By Temitope Ajayi

Considering operating environment with rising energy and power costs, inflation, weak Naira other economic factors, if the company does not have right to increase prices.

Other businesses across sectors and retailers of various hues have increased prices many times over in the last 24 months in Nigeria and across the world. I keep wondering why there is always a charge against Multichoice each time the company attempts to raise prices that are market reality-reflective.

For me, Pay TV is a lifestyle choice that we are free to make or not make. Multichoice is not selling oxygen, liver or other vital human organs without which one cannot live.

The price increase is across their market continent-wide and not just Nigeria. Businesses always pass cost to consumers as the only way to continue serving them, survive and thrive. Otherwise, all stakeholders, including customers lose out from both intrinsic and non- intrinsic value of the enterprise.
In dollar terms, a comparative analysis of what is paid for same service offerings in South Africa and Kenya reveals consumers in Nigeria pay less than their counterparts in other jurisdictions. While DSTV premium subscribers in Nigeria will pay equivalent of $33.11, those in South Africa will pay 43.48 for same service and in Kenya, subscribers will pay $70.06.

The assumption that Multichoice is cheating Nigerians because it is a monopoly is unfounded. Multichoice is not a monopoly as there are other competitors like StarTimes, TSTV and a rash of cable companies under the umbrella of Association of Cable Operators of Nigeria (ACON). Prior, we had FSTV, Raymond Dokpesi’s DAARsat, CONsat and HiTV, which famously outbidded Multichoice for the prized football properties before economic factors and, as some said at the time, weak corporate governance, sent it over the cliff.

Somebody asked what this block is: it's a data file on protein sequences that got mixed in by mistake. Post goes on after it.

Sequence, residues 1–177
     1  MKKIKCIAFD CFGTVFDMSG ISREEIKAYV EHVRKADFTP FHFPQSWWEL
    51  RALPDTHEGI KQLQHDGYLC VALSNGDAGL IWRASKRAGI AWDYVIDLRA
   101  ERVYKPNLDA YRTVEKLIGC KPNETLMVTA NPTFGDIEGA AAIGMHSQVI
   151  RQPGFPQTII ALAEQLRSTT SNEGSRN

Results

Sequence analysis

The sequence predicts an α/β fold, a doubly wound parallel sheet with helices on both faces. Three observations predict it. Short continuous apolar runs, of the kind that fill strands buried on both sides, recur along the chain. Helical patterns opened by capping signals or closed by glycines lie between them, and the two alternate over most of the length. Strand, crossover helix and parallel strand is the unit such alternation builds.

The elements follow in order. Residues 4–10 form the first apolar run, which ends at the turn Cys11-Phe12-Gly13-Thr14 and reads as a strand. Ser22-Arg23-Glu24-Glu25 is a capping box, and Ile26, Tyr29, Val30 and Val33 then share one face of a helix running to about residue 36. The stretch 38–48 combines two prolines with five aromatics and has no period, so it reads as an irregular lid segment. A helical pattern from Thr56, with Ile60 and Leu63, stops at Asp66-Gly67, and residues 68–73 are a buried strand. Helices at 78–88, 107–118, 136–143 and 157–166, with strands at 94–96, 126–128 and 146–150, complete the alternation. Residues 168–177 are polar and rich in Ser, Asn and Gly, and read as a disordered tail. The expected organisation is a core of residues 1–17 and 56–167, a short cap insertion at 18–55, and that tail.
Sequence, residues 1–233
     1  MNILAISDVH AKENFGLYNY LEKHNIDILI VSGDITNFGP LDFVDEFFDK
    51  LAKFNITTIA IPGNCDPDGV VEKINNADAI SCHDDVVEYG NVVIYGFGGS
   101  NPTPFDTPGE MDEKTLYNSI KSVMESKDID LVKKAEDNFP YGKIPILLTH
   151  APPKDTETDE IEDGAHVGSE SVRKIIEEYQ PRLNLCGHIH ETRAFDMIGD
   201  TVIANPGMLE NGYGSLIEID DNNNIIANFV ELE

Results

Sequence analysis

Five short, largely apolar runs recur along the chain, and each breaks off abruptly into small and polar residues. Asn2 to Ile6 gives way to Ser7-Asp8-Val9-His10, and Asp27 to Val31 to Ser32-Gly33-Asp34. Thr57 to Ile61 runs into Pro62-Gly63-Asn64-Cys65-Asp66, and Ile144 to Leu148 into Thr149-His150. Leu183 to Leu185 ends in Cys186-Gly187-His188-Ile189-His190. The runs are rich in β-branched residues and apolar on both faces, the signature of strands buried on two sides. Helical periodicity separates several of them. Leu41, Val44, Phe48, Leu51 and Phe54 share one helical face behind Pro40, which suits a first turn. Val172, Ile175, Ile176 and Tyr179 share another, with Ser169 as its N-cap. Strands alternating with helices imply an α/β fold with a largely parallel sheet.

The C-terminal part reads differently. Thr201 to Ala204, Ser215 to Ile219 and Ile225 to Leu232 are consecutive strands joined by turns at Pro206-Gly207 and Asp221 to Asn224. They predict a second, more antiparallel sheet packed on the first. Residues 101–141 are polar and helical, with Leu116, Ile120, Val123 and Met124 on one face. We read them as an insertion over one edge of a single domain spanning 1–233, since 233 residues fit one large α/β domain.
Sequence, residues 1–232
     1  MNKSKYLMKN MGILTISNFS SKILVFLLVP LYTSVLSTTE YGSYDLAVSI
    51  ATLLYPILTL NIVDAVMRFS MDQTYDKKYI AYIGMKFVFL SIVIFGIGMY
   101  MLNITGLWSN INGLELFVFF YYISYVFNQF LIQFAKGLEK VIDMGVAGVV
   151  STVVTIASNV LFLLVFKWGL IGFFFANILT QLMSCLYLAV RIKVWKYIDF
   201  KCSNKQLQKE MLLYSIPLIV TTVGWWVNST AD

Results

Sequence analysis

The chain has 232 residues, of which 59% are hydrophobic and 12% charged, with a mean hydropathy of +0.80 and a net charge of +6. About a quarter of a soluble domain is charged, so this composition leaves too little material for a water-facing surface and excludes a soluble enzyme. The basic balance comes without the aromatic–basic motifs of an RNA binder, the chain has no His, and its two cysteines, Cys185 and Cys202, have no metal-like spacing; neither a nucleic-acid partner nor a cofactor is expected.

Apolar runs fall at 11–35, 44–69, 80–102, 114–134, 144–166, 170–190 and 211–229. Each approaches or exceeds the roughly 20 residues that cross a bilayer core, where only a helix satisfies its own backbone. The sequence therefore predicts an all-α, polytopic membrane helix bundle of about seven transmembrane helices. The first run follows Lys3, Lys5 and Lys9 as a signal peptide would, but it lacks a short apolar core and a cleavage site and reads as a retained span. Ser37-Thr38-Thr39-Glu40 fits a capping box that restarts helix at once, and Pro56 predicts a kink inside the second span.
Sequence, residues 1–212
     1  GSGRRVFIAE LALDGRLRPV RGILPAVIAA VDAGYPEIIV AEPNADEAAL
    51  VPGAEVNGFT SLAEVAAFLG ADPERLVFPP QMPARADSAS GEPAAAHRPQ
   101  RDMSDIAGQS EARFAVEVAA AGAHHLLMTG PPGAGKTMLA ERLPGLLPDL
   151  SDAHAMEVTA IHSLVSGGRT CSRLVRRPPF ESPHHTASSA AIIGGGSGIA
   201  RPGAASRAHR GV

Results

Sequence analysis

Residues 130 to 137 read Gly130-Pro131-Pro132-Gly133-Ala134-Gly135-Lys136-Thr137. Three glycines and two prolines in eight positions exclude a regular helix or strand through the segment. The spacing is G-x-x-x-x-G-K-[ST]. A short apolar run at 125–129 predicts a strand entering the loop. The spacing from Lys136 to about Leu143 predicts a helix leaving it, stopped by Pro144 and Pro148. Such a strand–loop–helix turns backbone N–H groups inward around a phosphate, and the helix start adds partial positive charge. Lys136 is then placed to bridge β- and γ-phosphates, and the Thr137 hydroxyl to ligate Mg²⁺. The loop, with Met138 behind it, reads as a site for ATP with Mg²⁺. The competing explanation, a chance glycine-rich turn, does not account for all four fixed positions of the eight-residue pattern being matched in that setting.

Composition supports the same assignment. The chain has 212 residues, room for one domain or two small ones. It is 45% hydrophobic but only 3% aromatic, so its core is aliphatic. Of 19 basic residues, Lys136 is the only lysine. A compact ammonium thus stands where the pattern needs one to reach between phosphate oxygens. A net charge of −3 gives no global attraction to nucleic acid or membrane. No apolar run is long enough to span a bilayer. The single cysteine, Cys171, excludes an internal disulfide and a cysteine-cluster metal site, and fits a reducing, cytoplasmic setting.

StarTimes recently increased prices, effective 14 April, and it turned out a non-event. The company cited reasons very similar to the ones Multichoice adduced for its own decision. No hoopla.

Multichoice may be a dominant player in the Pay TV business but certainly not a monopoly and never has been.

Very laughably, many are calling on the government to regulate MultiChoice’s prices, something that was not done when airlines did, when power companies increased and when prices of diesel and petrol, all far more crucial items, went up. As Dr. Babatunde Irukera of the Federal Competition and Consumer Protection Council (FCCPC) told in an interview, the agency has no power to regulate consumer prices.